Determining the effect of microwave radiation on Saccharomyces cerevisiae


  • Joelle Fernandes


Microwaves are part of the electromagnetic spectrum and have frequencies ranging from
300MHz to 300GHz (Zhi et al. 1). They are widely used in households, industrial fields, and for
broadcasting. However, with its popularization, attention has shifted to the negative effects it
may have on living organisms, as microwave radiation can heat bodily tissue the same way it
heats food according to the U.S. Food and Drug Administration (16). In order to determine
whether microwave radiation has a harmful effect on living organisms or not, Saccharomyces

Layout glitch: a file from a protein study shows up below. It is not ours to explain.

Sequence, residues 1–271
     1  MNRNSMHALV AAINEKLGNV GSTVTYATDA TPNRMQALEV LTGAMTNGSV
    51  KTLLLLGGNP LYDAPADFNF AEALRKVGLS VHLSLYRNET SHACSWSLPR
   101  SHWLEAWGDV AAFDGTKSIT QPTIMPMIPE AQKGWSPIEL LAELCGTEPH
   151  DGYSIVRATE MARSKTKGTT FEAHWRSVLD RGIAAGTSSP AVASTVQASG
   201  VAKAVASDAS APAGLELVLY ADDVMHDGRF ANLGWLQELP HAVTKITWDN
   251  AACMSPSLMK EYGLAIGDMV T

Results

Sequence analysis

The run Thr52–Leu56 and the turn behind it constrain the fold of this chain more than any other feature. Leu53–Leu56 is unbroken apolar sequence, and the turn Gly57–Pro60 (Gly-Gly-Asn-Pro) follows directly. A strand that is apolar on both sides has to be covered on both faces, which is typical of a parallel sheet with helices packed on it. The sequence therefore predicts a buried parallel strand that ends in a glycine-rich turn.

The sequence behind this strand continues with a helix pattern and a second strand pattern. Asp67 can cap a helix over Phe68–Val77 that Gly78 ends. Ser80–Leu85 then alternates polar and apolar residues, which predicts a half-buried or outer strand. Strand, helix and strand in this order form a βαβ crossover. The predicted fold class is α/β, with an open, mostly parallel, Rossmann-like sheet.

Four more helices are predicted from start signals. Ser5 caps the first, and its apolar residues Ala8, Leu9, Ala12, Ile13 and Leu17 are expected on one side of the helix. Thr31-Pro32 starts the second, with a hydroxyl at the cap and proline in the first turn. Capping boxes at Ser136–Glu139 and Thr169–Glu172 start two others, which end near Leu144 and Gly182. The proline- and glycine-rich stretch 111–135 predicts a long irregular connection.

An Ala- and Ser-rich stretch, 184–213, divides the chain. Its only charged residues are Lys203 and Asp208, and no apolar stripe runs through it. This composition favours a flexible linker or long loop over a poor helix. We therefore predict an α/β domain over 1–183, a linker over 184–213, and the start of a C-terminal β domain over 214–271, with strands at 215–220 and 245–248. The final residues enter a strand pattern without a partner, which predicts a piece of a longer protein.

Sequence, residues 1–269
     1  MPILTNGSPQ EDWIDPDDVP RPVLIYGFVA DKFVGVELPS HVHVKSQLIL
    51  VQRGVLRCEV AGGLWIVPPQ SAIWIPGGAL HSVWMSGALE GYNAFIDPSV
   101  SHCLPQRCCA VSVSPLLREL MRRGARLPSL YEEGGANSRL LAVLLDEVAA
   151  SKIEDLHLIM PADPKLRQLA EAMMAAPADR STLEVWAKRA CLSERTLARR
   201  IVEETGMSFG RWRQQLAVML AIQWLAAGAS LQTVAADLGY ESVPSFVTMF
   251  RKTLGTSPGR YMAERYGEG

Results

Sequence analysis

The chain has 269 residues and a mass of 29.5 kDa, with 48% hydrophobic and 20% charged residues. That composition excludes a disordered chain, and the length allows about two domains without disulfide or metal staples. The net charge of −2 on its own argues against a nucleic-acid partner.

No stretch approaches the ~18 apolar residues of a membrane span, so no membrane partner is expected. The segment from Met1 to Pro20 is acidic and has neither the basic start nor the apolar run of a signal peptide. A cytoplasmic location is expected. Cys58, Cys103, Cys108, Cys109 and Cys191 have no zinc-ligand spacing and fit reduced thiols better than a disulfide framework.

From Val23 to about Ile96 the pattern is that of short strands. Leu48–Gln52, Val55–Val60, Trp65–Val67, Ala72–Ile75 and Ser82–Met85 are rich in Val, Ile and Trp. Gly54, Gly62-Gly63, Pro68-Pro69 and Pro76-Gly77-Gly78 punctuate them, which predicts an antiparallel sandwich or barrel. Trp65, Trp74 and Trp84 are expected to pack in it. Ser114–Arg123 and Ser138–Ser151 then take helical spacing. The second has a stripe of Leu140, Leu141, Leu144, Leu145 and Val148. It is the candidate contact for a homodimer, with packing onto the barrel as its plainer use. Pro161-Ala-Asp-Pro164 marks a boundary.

cerevisiae, commonly known as baker’s yeast, was microwaved for varying amounts of time and
was proofed using warm water and sugar. The volume was recorded after allowing the yeast to
proof for 10 minutes. It was found that microwave radiation had a significantly negative effect
on the growth of S. cerevisiae (P < 0.001, R2 = 0.867). A one-way ANOVA test was performed to
analyze variation and the difference was found to be statistically significant (F(6, 14) = 317.5, P
< 0.0001) and thus microwave radiation did have an effect on mean proofed volume. Post-hoc
comparisons using Tukey’s multiple comparisons test indicated that the mean volume for the
control group (M = 25.47, SD = 2.21) significantly differed from all other microwave treatments.